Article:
Purpose of Service Intent-Filter inside Manifest.xml

from android developers : “Components(service) advertise their capabilities — the kinds of intents they can respond to — through intent filters.

I just cant understand the purpose of intent filter inside service in the Manifest.xml, what is the capability here?

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  • <service
        android:name="com.x.y"
        android:enabled="true"
        android:exported="true" >
        <intent-filter>
            <action android:name="com.x.y" />
        </intent-filter>
    </service>
    

    and what’s he difference if i remove the intent-filter?

     <service
           android:name="com.x.y"
     </service>
    

    thanks.

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  • 2 Solutions collect form web for “Purpose of Service Intent-Filter inside Manifest.xml”

    If you want to use a service to perform different actions, then declaring an intent filter will help your service match against different actions you want to perform.

    The example will explain better.
    Suppose you have following declaration in manifest file:

    <service
        android:name="MyService" >
        <intent-filter>
            <action android:name="com.x.y.DOWNLOAD_DATA" />
            <action android:name="com.x.y.UPLOAD_DATA" />
        </intent-filter>
    </service>
    

    Then in your IntentService you could filter for these actions like this:

    public class MyService extends IntentService {
    
        public MyService() {
            super("MyService");
        }
    
        @Override
        protected void onHandleIntent(Intent intent) {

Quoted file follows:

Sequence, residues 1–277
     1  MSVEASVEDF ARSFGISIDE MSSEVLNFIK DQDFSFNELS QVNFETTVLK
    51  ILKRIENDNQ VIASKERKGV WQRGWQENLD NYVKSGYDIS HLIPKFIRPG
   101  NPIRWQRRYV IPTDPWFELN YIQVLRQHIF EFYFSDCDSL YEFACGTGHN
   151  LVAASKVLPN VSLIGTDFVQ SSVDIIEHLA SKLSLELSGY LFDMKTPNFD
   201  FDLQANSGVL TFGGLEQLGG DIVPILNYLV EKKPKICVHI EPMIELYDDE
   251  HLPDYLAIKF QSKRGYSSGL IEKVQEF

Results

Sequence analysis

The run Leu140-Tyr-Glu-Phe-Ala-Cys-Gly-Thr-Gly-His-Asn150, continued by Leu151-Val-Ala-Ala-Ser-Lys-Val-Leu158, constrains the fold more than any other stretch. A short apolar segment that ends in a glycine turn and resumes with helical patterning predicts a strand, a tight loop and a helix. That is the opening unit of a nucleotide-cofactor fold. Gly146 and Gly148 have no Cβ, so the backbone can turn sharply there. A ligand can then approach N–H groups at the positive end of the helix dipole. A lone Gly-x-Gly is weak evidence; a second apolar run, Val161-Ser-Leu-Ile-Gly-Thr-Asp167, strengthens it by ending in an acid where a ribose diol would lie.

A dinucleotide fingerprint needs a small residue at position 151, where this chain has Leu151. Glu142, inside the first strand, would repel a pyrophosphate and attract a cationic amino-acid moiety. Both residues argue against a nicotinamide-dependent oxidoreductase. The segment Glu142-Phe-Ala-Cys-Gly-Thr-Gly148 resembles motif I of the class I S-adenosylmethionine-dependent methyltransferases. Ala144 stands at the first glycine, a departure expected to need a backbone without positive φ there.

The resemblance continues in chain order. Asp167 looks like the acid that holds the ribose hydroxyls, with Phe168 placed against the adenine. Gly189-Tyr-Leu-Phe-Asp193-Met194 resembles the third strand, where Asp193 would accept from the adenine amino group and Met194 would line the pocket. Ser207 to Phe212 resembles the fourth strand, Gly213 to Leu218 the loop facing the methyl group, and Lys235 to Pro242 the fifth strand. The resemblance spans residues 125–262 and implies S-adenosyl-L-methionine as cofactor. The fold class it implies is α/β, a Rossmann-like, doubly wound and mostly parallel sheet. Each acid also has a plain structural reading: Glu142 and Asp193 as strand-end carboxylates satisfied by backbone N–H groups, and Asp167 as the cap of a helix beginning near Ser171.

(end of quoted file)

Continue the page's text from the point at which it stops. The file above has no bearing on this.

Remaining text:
if(intent.getAction().equals("com.x.y.DOWNLOAD_DATA"){
                //download data here
            }else if(intent.getAction().equals("com.x.y.UPLOAD_DATA"){
                // upload data here
            }
        }
    }
    

    Basically, it allows you to use the same service for different actions, instead of creating two separate services for example.

    However, having intent filters declared for a service is not regarded as a good practice, and this is what the docs had to say:

    Caution: To ensure your app is secure, always use an explicit intent
    when starting a Service and do not declare intent filters for your
    services. Using an implicit intent to start a service is a security
    hazard because you cannot be certain what service will respond to the
    intent, and the user cannot see which service starts.

    You can use intent filters for explicitly calling your service or get your service to be implicitly called where components from any application installed on the user’s device can potentially start your service

    If you plan on using your service only locally (other applications do not use it), then you don’t need to (and should not) supply any intent filters

    It is clearly specified in the documentation Declaring a service in the manifest

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